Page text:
Two months prior to the announcement of "gigafactory" plans that is causing nerd orgasms all over the tech and auto sphere, another of Musk's interests, SolarCity (SCTY) announced a new program that would provide large batteries to businesses to help them lower peak demand rates.
The program, DemandLogic, announced in early December, couples the solar panel installations that SolarCity is known for with refrigerator-sized batteries that store up to a third of the solar power. Specially design software can be programmed to take advantage of that stored electricity during times of peak demand.
According to the company's press release, peak demand costs for electricity have been rising faster that rates generally, putting a strain on businesses. Using the DemandLogic program, businesses can smooth out that energy demand from utilities, reducing energy costs.
Musk is chairman of SolarCity's board. Who manufactures the batteries for DemandLogic? Tesla, of course. From Tesla's recent 10-K, with my emphasis added:
The Tesla Gigafactory is currently expected to attain full production capacity in 2020, which is anticipated to be sufficient for the production of approximately 500,000 vehicles annually and stationary storage applications.
Granted, any benefit to Tesla from a ramp up in "stationary storage" orders for SolarCity's DemandLogic will be miniscule compared to the 500,000 planned Tesla autos. But it certainly makes a nice, small hedge against any problems encountered meeting that goal. And it is just one more example of how Musk sees the three companies, Tesla, SolarCity and SpaceX, as an interconnected web.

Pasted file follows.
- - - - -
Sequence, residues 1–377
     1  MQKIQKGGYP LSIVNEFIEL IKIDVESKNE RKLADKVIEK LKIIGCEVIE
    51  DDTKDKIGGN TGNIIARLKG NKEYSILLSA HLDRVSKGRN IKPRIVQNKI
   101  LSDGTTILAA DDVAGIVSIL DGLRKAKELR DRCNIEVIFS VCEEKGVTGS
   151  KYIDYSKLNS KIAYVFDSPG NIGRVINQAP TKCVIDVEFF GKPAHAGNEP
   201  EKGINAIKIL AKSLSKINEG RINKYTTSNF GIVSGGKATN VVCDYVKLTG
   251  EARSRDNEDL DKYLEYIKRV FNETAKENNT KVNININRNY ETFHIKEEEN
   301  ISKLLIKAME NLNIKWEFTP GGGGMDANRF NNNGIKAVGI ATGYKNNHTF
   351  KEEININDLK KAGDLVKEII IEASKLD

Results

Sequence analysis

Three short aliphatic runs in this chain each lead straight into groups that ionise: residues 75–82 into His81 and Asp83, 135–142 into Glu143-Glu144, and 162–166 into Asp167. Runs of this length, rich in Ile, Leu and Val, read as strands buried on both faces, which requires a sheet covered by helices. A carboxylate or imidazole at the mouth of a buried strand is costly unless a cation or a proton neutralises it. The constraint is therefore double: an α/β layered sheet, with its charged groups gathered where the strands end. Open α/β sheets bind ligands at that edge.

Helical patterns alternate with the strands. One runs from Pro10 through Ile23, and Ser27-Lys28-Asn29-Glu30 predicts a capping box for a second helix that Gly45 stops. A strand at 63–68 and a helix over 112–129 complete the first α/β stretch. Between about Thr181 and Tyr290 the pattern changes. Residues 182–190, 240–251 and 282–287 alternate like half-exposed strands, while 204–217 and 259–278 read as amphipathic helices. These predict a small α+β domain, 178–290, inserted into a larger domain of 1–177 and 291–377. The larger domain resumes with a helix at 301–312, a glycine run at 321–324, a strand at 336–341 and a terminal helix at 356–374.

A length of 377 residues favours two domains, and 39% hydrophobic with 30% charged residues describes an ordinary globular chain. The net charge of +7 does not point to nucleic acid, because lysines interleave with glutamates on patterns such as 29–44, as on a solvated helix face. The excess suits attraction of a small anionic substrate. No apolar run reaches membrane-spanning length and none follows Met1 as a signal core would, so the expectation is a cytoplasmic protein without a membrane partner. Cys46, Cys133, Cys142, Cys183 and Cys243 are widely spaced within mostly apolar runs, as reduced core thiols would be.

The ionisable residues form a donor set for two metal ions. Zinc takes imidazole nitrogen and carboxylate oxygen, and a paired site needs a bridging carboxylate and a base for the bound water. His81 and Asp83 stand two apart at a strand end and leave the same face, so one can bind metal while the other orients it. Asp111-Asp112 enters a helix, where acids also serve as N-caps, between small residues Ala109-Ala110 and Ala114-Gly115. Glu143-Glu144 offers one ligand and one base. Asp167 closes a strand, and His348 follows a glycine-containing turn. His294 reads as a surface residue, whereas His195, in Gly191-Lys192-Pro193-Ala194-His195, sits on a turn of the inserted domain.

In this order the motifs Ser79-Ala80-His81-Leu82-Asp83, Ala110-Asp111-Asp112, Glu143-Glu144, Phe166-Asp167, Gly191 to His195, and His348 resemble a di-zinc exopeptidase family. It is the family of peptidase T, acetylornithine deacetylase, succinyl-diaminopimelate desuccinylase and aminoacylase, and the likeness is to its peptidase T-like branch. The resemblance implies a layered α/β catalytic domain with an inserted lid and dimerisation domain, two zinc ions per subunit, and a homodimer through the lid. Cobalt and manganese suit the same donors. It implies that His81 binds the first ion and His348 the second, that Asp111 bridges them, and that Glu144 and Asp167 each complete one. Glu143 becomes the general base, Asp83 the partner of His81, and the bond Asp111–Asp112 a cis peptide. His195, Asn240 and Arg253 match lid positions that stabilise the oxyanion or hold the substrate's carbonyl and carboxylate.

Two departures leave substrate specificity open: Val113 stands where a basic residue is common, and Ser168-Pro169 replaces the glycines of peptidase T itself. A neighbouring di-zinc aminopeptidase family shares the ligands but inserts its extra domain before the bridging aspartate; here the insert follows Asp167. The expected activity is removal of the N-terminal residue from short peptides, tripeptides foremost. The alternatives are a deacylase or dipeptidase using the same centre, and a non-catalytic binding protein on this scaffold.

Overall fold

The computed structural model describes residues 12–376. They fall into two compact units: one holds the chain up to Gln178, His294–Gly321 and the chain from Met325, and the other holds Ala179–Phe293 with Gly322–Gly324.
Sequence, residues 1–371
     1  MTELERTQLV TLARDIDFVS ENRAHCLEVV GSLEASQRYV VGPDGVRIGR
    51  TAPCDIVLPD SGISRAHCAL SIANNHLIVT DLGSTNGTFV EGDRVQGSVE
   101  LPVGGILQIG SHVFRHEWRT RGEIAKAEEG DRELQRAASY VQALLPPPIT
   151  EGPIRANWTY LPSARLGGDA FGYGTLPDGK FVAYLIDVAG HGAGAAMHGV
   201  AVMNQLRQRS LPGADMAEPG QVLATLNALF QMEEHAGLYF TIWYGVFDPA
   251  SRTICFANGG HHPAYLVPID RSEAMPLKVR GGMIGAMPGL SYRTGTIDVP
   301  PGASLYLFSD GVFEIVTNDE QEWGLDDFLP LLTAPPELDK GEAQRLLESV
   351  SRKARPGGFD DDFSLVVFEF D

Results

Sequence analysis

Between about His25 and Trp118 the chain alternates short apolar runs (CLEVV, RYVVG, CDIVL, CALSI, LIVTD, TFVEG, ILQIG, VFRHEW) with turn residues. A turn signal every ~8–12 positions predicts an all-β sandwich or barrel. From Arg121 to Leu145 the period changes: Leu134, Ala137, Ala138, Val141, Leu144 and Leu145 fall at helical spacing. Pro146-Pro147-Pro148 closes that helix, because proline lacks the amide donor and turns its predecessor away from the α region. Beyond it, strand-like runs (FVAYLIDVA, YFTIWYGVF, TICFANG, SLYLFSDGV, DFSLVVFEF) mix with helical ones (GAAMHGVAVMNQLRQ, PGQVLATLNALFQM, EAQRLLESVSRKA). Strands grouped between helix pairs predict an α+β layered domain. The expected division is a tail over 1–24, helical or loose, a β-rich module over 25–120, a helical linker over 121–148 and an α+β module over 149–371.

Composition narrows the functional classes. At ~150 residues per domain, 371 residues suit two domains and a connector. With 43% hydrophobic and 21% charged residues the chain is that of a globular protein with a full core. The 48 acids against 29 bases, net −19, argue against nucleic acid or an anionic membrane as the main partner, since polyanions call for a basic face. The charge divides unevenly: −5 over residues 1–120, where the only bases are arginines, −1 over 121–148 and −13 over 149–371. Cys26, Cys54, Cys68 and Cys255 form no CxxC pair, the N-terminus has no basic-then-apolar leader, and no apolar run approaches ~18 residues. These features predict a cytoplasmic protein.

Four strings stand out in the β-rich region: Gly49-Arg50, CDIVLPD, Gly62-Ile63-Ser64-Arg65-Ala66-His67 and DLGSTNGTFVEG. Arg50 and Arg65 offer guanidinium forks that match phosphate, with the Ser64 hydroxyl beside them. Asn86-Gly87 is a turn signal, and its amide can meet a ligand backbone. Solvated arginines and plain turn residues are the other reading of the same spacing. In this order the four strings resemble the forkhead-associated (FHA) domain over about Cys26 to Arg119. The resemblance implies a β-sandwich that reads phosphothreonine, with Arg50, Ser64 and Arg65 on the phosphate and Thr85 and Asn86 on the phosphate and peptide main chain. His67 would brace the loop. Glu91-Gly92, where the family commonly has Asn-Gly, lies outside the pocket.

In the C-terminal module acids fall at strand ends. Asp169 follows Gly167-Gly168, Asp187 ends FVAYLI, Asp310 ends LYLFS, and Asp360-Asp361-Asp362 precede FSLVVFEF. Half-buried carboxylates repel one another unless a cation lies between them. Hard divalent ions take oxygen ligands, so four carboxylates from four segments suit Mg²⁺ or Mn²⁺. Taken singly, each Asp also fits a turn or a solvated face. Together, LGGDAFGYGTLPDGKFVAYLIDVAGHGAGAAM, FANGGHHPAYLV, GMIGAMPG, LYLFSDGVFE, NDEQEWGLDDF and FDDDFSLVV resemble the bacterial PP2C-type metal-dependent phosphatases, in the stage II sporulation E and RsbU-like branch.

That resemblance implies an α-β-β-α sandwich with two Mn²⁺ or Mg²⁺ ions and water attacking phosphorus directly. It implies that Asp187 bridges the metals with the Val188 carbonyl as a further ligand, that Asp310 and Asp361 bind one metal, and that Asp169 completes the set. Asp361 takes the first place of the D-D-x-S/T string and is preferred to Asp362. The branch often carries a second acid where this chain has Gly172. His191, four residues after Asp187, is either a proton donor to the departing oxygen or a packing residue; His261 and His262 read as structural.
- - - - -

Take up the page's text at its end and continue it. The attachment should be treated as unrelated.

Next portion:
On the other hand, if the Gigafactory can lower the cost of those SolarCity batteries, the benefit to SolarCity will be much greater, making the package more competitive and an easier sell in more locations.
I'm not the only one to make this rather obvious connection. Take a look at SolarCity's chart for the last five days. The announcement of the Gigafactory came the evening of Feb. 25. SCTY traded on high volume the day preceding the announcement and opened 3% higher on Feb. 26. It has remained up.
In SolarCity's DemandLogic, we see a practical solution for the company's customers that also has a benefit for its sister company, which needed to expand its battery-producing operations to produce more, better and cheaper cars.
How does that fit in with Musk's third company, SpaceX? Hard to tell. As a private company, SpaceX is under little obligation to tell us anything. Musk has said in interviews that SpaceX doesn't patent its technology for fear of handing proprietary technology to two of its direct competitors, the state-run programs of Russia and China, where U.S. patents are next to impossible to enforce. But I doubt Musk would have the same concerns about sharing technology developed in SpaceX's rocketry and space travel labs with Tesla and SolarCity.
Are SolarCity shares an entry into Musk's universe of tech exploration? I don't think that kind of observation is sufficient reason to buy a stock, but it may add sweetener to the prospect. From the standpoint of running a business, that interconnectedness, that sense that Musk is considering the potential benefits of each idea across all three companies, investments in both Tesla and SolarCity look more compelling.
-- Written by Carlton Wilkinson in New York